Human Advancements: Introduction

ā¯¯Introduction to the series on human advancementsā¯˛


In 2018, fairly soon after it was published, I found a conference talk by Jeremy Rifkin on a resource-sharing economy. In the talk, he discusses the past industrial revolutions, a set of indicators that were present for the past industrial revolutions (and other similar events), consequencies for our economy, society and politics, and a triple that he used for classification: significant in past industrial revolutions, and possibly an indicator for what the next industrial revolution would be. That triple of (classes of) technologies: energy, communication, infrastructure would play a determining role in past industrial revolutions. Although not stated explicitly, one could think of the triple as being a necessary condition for a disruption, the likes of an industrial revolution, to occur. Or, at the very least, an accurate indicator.

In this one presentation, he manages to introduce a utility, this triple, and uses it to relate circumstances before and after such a disruption, with critical factors of the revolution and also how different aspects contributed. However, this triple got me thinking: How versatile would this classification be? Can it be used to predict? What are the criteria for the classification? How colloquially is the triple used? How reliable is it, in that sense? Can we use it for more ancient events in human history? The triple of technologies is an important indicator: it basically captured the break-throughs that make it possible for radical change to happen. However, it seems to be lacking in the ability to identify such advancements early. And, secondly, it seems to focus on something new, although I wonder if this requirement is too strict.

There were a number of signals that made me re-evaluate and look for insights at the roots of this triple instead of taking it as-is. The signals, mostly deviating opinions on critical developments:

  1. nuclear fission as energy source was already deemed irrelevant for next-gen energy production [1],
  2. the internet is not a big deal [2],
  3. there has not been a third revolution yet, and/or given a prediction for the third revolution but without clear source indicators. [3]

Understand that this is not an attempt to find a single counter-example just to disprove the ideas, but rather that, because some counter-examples exist, this may be be possible to evolve, or even just fine-tune these ideas.

The talks themselves are very valuable: he presents well, clearly elaborates his ideas, and the breadth of his scope and the ideas he works with give the impression that there are people who are interested in the broad picture and are looking at different concerns of society. He clearly indicates both the positives and the negatives, and makes clear that some things need to change, and other things will change invariably. Also, part of why I got interested is because he seems to be right, i.e. in matching my own ideas and directions, on many topics, including predictive statements.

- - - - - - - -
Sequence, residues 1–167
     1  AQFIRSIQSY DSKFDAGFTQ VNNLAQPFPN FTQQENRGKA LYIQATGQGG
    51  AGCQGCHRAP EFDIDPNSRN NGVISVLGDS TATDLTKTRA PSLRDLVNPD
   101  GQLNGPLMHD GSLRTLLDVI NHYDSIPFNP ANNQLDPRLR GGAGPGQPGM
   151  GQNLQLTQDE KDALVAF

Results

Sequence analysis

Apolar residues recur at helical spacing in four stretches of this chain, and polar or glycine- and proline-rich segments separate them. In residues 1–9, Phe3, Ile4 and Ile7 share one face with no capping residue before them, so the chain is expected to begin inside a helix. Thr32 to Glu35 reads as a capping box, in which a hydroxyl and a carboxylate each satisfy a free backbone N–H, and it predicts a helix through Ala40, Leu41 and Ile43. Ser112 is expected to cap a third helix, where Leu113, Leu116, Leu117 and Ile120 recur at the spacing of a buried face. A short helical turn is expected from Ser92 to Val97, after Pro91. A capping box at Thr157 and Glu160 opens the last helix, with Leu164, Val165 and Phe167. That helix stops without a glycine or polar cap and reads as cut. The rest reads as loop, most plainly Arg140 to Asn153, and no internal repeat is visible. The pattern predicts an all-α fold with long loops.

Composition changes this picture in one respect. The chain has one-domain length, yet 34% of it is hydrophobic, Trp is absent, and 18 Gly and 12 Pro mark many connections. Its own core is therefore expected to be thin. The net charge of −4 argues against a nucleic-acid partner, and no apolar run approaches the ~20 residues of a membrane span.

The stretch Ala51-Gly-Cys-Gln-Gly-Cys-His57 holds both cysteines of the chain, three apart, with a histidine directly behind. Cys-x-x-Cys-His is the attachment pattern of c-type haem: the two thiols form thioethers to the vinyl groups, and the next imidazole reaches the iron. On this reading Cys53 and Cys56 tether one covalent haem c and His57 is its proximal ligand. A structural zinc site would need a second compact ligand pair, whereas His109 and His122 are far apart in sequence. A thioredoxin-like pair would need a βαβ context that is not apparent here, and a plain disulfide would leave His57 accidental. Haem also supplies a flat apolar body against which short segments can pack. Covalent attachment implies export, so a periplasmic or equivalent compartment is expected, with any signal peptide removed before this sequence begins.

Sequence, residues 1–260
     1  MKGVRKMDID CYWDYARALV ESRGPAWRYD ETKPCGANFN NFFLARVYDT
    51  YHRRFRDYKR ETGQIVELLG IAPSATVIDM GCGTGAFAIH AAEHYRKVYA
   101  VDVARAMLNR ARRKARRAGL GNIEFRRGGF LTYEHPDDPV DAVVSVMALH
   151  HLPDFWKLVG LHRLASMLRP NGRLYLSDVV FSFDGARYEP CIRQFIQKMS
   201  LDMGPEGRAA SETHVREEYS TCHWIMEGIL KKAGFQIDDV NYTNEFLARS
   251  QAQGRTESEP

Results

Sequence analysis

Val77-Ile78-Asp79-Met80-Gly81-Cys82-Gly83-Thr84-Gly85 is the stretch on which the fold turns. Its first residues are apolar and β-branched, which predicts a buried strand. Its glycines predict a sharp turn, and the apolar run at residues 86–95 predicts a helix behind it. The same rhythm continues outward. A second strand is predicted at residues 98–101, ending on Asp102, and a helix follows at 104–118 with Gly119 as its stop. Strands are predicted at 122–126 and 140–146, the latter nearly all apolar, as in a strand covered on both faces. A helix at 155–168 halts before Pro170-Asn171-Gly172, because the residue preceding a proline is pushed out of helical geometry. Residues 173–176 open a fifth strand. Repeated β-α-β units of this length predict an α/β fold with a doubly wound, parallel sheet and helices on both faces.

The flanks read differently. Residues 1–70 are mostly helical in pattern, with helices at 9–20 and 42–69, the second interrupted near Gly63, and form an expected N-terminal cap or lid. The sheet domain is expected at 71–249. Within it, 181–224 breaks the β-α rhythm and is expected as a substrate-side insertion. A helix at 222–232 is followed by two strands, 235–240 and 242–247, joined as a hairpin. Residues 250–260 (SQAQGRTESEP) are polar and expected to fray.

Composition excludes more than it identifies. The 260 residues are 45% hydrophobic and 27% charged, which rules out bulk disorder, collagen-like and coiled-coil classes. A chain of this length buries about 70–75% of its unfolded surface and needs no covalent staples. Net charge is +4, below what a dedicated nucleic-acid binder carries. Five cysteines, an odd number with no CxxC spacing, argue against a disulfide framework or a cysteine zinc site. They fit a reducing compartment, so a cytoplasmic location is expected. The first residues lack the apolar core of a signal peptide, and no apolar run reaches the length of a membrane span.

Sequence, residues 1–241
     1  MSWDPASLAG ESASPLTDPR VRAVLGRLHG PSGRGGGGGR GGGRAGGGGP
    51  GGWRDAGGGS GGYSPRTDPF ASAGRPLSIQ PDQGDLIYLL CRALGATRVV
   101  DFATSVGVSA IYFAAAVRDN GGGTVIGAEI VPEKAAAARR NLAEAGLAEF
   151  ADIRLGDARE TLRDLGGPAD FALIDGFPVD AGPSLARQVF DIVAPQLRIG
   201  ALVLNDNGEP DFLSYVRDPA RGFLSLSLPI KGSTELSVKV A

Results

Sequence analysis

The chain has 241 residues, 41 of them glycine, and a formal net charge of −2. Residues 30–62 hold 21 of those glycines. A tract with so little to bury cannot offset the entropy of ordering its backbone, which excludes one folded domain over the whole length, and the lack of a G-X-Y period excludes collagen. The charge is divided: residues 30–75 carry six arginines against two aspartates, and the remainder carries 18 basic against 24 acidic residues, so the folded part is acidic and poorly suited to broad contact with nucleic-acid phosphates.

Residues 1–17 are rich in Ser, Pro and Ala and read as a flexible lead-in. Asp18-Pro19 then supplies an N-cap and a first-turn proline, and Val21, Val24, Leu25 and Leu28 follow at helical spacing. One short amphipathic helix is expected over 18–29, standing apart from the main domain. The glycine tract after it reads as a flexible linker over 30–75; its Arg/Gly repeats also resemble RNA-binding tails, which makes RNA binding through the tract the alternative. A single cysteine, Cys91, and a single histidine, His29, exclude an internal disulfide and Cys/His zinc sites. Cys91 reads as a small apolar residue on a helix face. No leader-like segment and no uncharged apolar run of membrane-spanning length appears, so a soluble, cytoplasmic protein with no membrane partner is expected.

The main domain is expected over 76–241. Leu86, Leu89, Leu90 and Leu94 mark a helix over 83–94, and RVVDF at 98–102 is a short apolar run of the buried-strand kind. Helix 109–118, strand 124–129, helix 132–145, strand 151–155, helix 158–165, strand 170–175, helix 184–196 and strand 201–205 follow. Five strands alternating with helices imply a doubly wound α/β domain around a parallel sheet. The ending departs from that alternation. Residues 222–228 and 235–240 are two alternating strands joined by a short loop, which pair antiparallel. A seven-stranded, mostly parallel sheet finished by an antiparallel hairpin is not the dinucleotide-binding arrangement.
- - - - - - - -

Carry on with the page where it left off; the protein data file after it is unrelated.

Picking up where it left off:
Author’s context, perspective, motivation

In this series, I will go into my own thoughts on this topic that I formed from what I knew before and what I learned from these talks. I will change perspective on some of his ideas, and provide my own “reoriented” mechanisms that are derived from his triple, and document my ideas on indicators for human advancement. I am putting in this effort out of my own interest in such subjects, having no professional experience. These texts are written dumps of ideas and thoughts I have about the subject, rather than a series with a predefined goal. Any hints of persuasion exist only because of my own enthusiasm in learning to reason about and comprehend some of the mechanics of, what is/was very much intangible and subjective to me personally. As I mention in other posts, writing about this also forces me to flesh out the mechanics and details of the ideas that I am playing with. This allows me to produce a stronger, more consistent set of ideas. And, in the process allows me to constantly re-evaluate my ideas against earlier statements and fine-tune subleties, resulting a smaller, more consistent, more strongly connected network of ideas.

So far, I have discussed my reasons regarding the ideas of Jeremy Rifkin themselves that interested me. However, there is another reason, a parallel track: over the past twenty or so years, the ideas from the Zeitgeist Project, by Peter Joseph, and The Venus Project, by Jacques Fresco, have become less esoteric and conspiratorial. Partly, because society has had time to get used to the information presented there: it has had more time to consider and evaluate those ideas in a neutral context – as it should have from the start – instead of one of conspiracies. And partly because, in my understanding, society advances in a direction that converges with the settings as discussed in these projects. This makes that the ideas are perceived as less extreme, less radical as it used to be. In fact, the idea of resource sharing as discussed by Jeremy Rifkin, are central to The Venus Project. I want to relate these ideas that come from seemingly very different sources.


[1] I knew of developments in the area of nuclear fission reactors, as well as special use cases where nuclear fission would be especially useful.

[2] Although my gut-reaction would be to disagree, it is easy to come to the same conclusion after some consideration. However, dismissing the internet in its entirety is a mistake too. This means that the critical factor has not been identified yet.

[3] As mentioned earlier, the predictive capacity seems to be limited. In particular, it is easier to classify events that are happening in-the-moment, than it is to use the triple to anticipate an upcoming disruption.

This post is part of the Human Advancements series.
Other posts in this series: